Once Upon a Time, in a land called The Power Center…
Photo: A scene in Snow White by Ballet Preljocaj.
Every great story rests upon a conflict of good and evil. As children, we might encounter lessons from this kind of conflict through fairy tales, morals and legends. We hear frightening tales with themes of greed, lust, disobedience, and consequences that most often resolve with the poetic justice of a happily-ever- after ending. These age-old tales are an imaginative vehicle for children to relate to the dark side of human nature and to understand the power of choice and free will.
Fairy tales are not just for children however. There’s been an increase in fairy-tale prime time TV, ABC’s Once Upon a Time and NBC’s Grimm, for example, as well as a surge in live-action movies, Mirror, Mirror and Snow White and the Huntsman, to name a couple. As adults, we still love these stories and we still relate to their symbols and themes.
The Andersen Project is inspired by the life of Hans Christian Andersen and highlights the fairy tale “The Dryad,” which is set in nineteenth century Paris and follows a young dryad who lives within chestnut tree on the outskirts of the city. The dryad longs to see the Paris she hears about in the stories of those who travel past her. When her wish is granted, she is moved the heart of the city, but her happiness there is short-lived. As Her true desire is not for the city, but for the freedom of movement, it turns out. When this wish is granted, it comes with a heavy cost. Read the whole story.
The Andersen Project also references Andersen’s “The Shadow.” In “The Shadow,” a man loses his own shadow. One night, it returns, knocking on his door and appearing almost human. The shadow grows richer and fatter, while the man grows poorer and weaker. In fact, the man is so ill that his shadow proposes a trip to a health resort, on the condition that the shadow can act as the master. At the resort, the shadow meets a princess, and later when the two are about to be marry, the shadow offers the man a position within the castle if he agrees to become his own shadow permanently. In the end, the secret swap is revealed and the consequences are deadly. Read the whole story.
We interviewed The Andersen Project’s lead actor Yves Jacques. Start at 3:16 mark to learn about how old ways of storytelling influenced director Robert Lepage’s construction of this project.
Snow White may be a more familiar story for most. Choreographer Angelin Preljocaj explains that his narrative ballet is not the myth or legend of Snow White, but the story of Snow White herself. He follows the Grimm brothers’ version version but adds small variations. The wicked stepmother is the central character of the tale. He examines her through her narcissistic determination not to give up on seduction and on her role as a woman, even if this means sacrificing her stepdaughter. Do you need a Snow White refresher? Read the whole story.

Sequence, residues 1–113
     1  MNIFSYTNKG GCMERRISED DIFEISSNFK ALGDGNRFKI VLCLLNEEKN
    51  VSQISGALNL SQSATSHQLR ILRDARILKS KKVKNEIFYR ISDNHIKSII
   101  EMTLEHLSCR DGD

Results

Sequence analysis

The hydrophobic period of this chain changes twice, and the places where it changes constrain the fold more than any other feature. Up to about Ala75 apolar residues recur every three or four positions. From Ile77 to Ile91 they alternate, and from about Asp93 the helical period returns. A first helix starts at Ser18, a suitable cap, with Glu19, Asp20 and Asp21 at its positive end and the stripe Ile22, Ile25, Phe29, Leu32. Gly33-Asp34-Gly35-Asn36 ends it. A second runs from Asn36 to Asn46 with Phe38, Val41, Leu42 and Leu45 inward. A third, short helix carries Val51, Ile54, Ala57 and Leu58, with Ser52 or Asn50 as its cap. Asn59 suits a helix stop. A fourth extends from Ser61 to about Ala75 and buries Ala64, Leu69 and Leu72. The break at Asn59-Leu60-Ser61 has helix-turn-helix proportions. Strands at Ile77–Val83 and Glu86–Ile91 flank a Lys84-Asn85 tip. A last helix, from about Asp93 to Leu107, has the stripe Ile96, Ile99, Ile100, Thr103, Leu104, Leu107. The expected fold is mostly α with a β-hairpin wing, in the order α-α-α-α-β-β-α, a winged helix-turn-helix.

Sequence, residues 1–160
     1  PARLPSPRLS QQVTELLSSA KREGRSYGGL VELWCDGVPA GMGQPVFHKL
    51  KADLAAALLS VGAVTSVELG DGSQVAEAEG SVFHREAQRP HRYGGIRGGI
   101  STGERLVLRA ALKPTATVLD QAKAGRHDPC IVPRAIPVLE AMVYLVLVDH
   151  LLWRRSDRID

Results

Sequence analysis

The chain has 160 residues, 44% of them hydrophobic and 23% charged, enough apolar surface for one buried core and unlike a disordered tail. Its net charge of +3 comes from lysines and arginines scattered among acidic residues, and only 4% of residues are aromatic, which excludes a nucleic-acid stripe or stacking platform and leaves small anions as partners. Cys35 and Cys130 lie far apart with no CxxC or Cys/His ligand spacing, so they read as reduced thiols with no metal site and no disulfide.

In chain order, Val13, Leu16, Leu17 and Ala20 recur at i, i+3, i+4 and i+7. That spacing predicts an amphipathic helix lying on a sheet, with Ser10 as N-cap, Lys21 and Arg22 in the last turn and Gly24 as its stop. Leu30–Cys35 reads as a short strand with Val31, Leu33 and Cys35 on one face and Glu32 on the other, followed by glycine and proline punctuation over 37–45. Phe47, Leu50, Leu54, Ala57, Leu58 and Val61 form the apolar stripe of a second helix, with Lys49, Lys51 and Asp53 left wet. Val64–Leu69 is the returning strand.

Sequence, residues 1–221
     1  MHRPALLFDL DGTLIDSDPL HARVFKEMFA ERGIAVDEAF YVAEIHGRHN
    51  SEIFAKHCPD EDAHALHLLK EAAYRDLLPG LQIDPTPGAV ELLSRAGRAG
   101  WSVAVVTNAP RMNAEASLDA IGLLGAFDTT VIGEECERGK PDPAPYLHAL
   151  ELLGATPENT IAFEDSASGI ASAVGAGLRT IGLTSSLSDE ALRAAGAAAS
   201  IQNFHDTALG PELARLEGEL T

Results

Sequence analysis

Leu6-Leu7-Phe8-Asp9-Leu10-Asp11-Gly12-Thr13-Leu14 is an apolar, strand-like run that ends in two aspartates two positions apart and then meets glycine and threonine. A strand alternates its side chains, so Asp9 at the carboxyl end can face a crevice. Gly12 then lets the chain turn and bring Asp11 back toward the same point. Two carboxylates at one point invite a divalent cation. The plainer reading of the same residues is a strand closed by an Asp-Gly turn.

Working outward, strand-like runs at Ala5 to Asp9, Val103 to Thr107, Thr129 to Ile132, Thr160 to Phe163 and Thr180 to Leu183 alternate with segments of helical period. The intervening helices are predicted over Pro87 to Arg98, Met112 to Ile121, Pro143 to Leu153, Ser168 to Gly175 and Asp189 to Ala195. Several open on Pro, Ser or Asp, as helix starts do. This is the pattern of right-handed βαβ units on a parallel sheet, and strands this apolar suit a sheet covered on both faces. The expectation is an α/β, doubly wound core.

We are living during a climatic time in history and our choices can be felt globally thanks to technology. Is it any wonder that artists are turning to the world of fairy tales to highlight the fight between good and evil or the power of choice? Fairy tales allow us to reach into our imagination and to examine the good and evil that reside in all of us.
Why do you think fairy tales are on the rise? What are your favorite fairy tales?
People are Talking: UMS Night School – Session 4
UMS Night School is a free and open to the public series of “classes”, which include a 30-minute discussion of each performance in Pure Michigan Renegade, plus a 60-minute intro session for the next performance on the series. You’ll find follow-up conversation, coverage, and materials here on the Lobby.
“Required Reading” and “Required Watching” from Malcolm Tulip, Associate Professor of Theatre at U-M
“Once upon a time, the historian Franz Xaver von Schönwerth collected fairytales in Bavaria, which were locked away in an archive until now.”
2. Interview with Robert Lepage for Theatre Music Canada.
In Lypsinch (2007) Lepage intends to “show us a mosaic of human struggles for identity, to assemble a composite portrait of contemporary society voicing over and dubbing out our primal emotional needs. Lepage wants to make us aware of how we control and doctor the sounds surrounding us to cover up the voices of those in genuine need.” via Village Voice
3. Director Robert Lepage Speaks on what inspired him to create The Nightingale & Other Short Fables, a collection of works by composer Igor Stravinsky that made its world premier in October 2009.
4. More about The Andersen Project
Preview in Paris Voice: “the piece is not a retelling of any one of Anderson’s tales but rather an open-ended study, undertaken to examine, create around and perhaps finally understand better both the creator and his work.”
5. More about Hans Christian Andersen
Elsewhere on the Lobby:
Our interview with The Andersen Project’s lead actor Yves Jacques, and 5 Things to Know About The Andersen Project.
We’ll add your suggestions for further reading, listening, and watching here.
What did you think of this session of Night School? What’s still not making sense? What are you excited about?